A Breath of FreshAyr

FreshAyr opened with a rollicking start last week aided and abetted by various members of Ayr Writers Club, Scottish Screenwriters and many friends and associates.coffee

There were readings and sketches, music and coffee and it all went down a treat. Even the sun shone to help it on its way.

Robert Singer, the powerhouse behind it all, is hoping to develop the area into a creative arts centre showcasing the work of local artists, musicians and writers.general view

Herborg Hansen, the project coordinator, commented that,

the event showed a lot of support from creatives and set an example of what can be achieved by collaborating in reviving Ayr’s culture and town centre.

actors

Some of the actors in a sketch

FreshAyr is still in its very early stages and is run as a voluntary organisation. But we are expanding and recruiting and before long we hope be a charity organisation that turns café profits into creative action. But we depend on the collaboration from the community and urge people to get in touch regarding future exhibitions, performances or even if people want to get involved in supporting the project going forward.

janiceThere was a lot of enthusiasm and interest shown by the Saturday shoppers in the town who ventured in to see what was afoot.

I did a couple of sessions for kids, one a deliberately noisy session with Miss Hullaballoo  who insisted that everyone, including parents, join in a singalong of Rock-a-Bye-Baby and Sing  Song of Sixpence as loudly as they could.me FreshAyr

For the grown-ups, among others, Jennifer read her award winning story, Magda, Carolyn read a monologue and I met Robert Burns in heaven in my piece. Martin Bone, Douglas Skelton and Gail McPartland read extracts from their recently published novels while other members read short stories and poems.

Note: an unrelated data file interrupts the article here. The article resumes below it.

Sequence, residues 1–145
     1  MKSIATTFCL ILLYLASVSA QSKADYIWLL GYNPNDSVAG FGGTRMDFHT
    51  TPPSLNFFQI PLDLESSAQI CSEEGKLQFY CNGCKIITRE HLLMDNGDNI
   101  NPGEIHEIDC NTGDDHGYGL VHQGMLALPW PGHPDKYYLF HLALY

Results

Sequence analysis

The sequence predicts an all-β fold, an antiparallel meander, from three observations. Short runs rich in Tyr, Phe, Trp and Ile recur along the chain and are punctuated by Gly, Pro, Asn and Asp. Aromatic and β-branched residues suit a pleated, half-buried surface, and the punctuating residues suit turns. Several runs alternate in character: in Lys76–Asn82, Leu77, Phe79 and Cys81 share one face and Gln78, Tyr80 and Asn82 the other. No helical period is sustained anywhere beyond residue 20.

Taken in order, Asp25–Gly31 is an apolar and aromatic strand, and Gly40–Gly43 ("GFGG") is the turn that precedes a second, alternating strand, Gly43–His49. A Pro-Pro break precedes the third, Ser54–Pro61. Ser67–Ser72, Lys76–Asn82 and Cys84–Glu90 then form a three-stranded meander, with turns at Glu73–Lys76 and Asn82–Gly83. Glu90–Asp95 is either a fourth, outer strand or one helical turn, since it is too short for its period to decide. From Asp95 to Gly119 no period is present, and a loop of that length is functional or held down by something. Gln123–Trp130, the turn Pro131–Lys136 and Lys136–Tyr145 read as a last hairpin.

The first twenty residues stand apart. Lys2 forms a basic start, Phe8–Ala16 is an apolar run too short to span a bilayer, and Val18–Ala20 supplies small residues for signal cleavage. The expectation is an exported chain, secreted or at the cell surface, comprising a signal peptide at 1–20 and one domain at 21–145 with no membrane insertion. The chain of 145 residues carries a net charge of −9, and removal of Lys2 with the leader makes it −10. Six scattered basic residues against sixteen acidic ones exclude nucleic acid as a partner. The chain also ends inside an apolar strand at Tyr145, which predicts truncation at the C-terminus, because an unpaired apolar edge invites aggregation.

And we even sold quite a few books!20170805_123554

my booksFreshAyr’s Facebook page is here for further information on upcoming events.

 

Volunteering at the Boswell Book Festival

The Boswell Book Festival, held at Dumfries House in Ayrshire, is the only festival of biography and memoir in the world and I’ve been to it many times and enjoyed every visit, but being a volunteer exposed me to all sorts of different experiences from what I expected.screenshot

I met loads of lovely people, even a blast from the past as a former colleague put it when she approached me, stroked an 8ft Burmese python called Richard, was the first customer in the new Hayloft cafe and stood beside Nigel Havers as he waited to go on stage on the opening night.

I took tickets at the venue doors, directed guests along the necessary one-way system as Dumfries House wasn’t designed for masses of people trooping along its corridors, and sold tickets for the children’s festival. It was such a delight to see so many kids keen to listen to their favourite authors and buy their books. There were plenty of events to keep them occupied too.

pythonKirsty’s Kritturs had brought along a variety of intriguing creatures that had the children slightly cautious at first but then enthusiastically holding giant cockroaches, patting the Egyptian Uromastyx (or lizard to you and me) and peering in at the tarantula and the scorpion. And of course, stroking Richard the python. He was soft and quite cold so wasn’t really enjoying what passes for early summer here.